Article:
Tax authorities in Australia and New Zealand are probing local clients of a Panama-based law firm at the centre of a massive data leak. Other jurisdictions are likely to follow suit following the leak of details of hundreds of thousands of clients in more than 11.5 million documents from the files of law firm Mossack Fonseca, based in the tax haven of Panama.
The biggest data leak in history has lifted the lid on how world leaders and top officials hide their cash in offshore accounts, with a money trail worth up to $2bn (£1.4bn) leading to a number of Russian President Vladimir Putin's close allies. Mossack Fonseca director Ramon Fonseca said in a phone interview on 3 April that his firm had no responsibility for any potential illegalities associated with the accounts.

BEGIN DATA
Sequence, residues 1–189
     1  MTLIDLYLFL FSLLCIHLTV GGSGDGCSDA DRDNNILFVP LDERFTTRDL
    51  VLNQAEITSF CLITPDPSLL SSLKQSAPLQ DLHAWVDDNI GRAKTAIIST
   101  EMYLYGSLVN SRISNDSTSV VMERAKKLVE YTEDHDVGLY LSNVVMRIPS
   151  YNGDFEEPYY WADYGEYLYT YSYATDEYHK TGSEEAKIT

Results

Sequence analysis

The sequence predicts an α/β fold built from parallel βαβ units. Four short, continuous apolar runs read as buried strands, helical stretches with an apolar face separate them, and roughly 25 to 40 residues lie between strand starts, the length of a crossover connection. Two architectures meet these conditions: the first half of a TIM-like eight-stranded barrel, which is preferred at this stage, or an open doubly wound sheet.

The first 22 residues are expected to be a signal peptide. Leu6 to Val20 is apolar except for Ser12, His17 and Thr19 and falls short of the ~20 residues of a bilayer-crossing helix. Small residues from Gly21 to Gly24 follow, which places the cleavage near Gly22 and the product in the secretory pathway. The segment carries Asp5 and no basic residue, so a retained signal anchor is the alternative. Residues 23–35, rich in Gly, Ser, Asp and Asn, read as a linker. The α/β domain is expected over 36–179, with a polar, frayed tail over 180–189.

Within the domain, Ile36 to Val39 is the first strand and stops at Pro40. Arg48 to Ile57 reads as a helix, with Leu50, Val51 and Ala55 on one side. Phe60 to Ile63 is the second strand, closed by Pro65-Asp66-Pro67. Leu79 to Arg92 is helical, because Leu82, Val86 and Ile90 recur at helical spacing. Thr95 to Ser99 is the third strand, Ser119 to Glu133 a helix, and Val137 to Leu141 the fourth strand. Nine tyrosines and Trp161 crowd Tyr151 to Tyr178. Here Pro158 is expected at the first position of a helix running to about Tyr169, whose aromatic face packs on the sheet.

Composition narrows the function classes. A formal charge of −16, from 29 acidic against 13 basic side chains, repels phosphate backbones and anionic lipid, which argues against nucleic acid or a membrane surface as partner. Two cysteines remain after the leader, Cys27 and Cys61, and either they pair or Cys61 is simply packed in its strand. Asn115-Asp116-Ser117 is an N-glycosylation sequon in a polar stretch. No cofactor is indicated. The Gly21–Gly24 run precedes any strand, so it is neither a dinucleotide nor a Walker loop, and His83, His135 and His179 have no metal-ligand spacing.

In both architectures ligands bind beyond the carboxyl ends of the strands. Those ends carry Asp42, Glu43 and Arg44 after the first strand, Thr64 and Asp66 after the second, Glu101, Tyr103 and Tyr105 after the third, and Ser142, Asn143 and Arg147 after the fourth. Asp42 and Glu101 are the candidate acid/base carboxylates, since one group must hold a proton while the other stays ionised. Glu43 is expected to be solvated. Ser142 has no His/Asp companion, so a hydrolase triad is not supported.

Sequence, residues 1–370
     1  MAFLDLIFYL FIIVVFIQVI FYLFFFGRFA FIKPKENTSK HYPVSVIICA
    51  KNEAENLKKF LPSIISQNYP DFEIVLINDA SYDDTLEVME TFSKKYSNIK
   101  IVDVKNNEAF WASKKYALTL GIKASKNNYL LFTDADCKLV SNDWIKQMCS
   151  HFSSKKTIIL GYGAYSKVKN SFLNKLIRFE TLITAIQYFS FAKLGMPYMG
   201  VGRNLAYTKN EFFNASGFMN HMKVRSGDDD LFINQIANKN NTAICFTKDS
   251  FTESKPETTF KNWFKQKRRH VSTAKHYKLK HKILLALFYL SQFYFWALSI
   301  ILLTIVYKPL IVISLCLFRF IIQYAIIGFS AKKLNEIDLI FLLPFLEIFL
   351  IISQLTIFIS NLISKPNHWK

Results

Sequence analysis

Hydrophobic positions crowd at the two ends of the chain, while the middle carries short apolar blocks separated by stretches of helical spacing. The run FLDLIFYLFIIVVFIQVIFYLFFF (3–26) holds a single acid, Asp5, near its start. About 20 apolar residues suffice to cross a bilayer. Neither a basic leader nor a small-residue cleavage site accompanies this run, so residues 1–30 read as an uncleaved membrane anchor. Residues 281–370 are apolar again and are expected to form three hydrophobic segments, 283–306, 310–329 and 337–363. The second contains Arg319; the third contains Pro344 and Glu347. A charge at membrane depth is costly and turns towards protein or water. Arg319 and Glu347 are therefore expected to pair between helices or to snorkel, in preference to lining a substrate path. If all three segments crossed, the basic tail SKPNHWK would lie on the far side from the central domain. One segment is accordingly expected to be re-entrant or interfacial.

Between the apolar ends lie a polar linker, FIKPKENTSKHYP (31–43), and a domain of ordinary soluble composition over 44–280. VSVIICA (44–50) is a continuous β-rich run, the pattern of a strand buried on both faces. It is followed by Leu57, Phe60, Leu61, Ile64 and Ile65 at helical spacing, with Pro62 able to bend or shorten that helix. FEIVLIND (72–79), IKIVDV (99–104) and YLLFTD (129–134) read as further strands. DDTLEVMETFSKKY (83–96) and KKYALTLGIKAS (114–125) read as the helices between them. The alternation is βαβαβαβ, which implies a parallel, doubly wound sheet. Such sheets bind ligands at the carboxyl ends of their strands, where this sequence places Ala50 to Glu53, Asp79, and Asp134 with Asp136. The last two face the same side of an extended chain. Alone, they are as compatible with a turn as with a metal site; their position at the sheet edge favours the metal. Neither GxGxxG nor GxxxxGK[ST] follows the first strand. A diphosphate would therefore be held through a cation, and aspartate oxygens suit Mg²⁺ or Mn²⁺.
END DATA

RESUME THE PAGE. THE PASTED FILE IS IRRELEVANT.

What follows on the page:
Fonseca told Reuters: "We are a company who after almost 40 years has never been formally accused of anything. We are dedicated to doing legal structures which we then sell to intermediaries like banks or lawyers or accountants and they manage it from there and we do not have any control over that. We are not responsible for how they manage those structures however they may want to do them.
"We have formed more than 240,000 companies throughout our history and the vast majority of these for legitimate purposes. Of course, there are some that end up being used for illegitimate activities but that is not our responsibility because we are not the ones who are managing them, we are not acting on them."
The Australian Tax Office (ATO) said it was investigating more than 800 wealthy clients of Mossack Fonseca.